Statesmen and scholars were inspired by a period after World War I (when the victors devised Minority Treaties for the new and expanded states of Eastern Europe) at the time that the Cold War ended between 1989-1991. This book is the first study of that period--between 1878 and 1938--when the Great Powers established a system of external supervision to reduce the threats in Europe's most volatile regions of Irredentism, persecution, and uncontrolled waves of westward migration. It is a study of the strengths and weaknesses of an early state of international human rights diplomacy as practiced by rival and often-uninformed Western political leaders, ardent but divided Jewish advocates, and aggressive state minority champions, in the tumultuous age of nationalism and imperialism, Bolshevism and fascism between Bismarck and Hitler.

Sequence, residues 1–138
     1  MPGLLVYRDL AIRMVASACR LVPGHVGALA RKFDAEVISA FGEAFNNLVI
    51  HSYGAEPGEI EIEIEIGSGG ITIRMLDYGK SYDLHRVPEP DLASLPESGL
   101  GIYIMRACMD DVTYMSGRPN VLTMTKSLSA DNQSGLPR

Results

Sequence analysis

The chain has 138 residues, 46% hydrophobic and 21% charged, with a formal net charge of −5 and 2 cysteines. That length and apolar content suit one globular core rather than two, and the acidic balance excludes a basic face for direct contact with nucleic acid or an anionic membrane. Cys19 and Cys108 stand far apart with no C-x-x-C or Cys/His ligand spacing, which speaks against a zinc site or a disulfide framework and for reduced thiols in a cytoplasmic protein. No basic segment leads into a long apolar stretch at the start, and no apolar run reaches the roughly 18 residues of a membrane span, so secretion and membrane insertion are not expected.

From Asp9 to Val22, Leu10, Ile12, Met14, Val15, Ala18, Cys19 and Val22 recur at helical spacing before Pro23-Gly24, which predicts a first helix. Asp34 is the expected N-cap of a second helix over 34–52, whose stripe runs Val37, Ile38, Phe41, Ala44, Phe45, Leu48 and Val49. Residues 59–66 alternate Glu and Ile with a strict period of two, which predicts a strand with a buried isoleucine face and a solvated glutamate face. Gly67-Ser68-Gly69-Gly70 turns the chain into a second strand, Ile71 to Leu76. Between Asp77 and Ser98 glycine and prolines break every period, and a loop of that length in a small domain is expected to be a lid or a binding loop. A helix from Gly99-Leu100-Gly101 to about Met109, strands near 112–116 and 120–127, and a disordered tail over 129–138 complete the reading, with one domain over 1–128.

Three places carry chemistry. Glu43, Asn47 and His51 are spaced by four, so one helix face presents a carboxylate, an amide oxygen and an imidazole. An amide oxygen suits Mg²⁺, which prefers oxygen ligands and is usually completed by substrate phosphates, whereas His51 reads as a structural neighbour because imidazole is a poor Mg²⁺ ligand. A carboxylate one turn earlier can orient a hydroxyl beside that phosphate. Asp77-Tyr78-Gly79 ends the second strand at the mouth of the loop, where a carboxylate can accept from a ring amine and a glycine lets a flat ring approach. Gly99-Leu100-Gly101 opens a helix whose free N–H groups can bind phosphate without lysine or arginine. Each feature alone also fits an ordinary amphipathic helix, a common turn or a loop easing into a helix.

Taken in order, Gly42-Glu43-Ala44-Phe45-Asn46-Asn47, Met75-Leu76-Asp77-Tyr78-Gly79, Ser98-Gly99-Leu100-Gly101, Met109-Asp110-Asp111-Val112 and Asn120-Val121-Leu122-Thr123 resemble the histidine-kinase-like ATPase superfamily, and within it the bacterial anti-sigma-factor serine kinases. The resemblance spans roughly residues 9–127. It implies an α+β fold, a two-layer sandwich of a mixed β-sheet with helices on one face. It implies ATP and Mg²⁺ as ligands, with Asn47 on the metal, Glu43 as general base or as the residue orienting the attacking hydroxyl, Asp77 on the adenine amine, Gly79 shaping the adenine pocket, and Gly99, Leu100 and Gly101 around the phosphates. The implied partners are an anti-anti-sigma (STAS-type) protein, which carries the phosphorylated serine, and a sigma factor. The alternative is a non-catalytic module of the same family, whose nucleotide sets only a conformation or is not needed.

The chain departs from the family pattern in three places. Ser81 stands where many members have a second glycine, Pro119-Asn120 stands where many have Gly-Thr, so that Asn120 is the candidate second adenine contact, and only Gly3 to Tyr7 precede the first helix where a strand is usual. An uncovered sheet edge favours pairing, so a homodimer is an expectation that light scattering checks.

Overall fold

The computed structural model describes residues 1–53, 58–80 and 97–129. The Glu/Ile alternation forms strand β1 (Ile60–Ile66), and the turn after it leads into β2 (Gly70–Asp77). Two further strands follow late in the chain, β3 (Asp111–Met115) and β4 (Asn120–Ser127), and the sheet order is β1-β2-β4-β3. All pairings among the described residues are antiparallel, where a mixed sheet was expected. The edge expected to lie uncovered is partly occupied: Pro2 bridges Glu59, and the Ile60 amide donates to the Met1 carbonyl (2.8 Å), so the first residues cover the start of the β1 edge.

|Publisher:||Cambridge University Press|
|Edition description:||First Edition|
|Product dimensions:||6.00(w) x 1.25(h) x 9.00(d)|
About the Author
Table of ContentsList of maps; List of photographs; Preface; Abbreviations; A note on place and personal names; Part I. From Empires to New States: 1. Prologue: the Congress of Berlin; 2. Bucharest, August 1913; 3. The Great War; 4. Lemberg; Part II. The Minority Treaties: 5. Paris; 6. Pinsk; 7. May; 8. The 'Little Versailles'; Part III. A New Era of Minority Rights?: 9. Geneva; 10. Berlin; 11. Epilogue: the road to Munich; Conclusions; Bibliography; Index.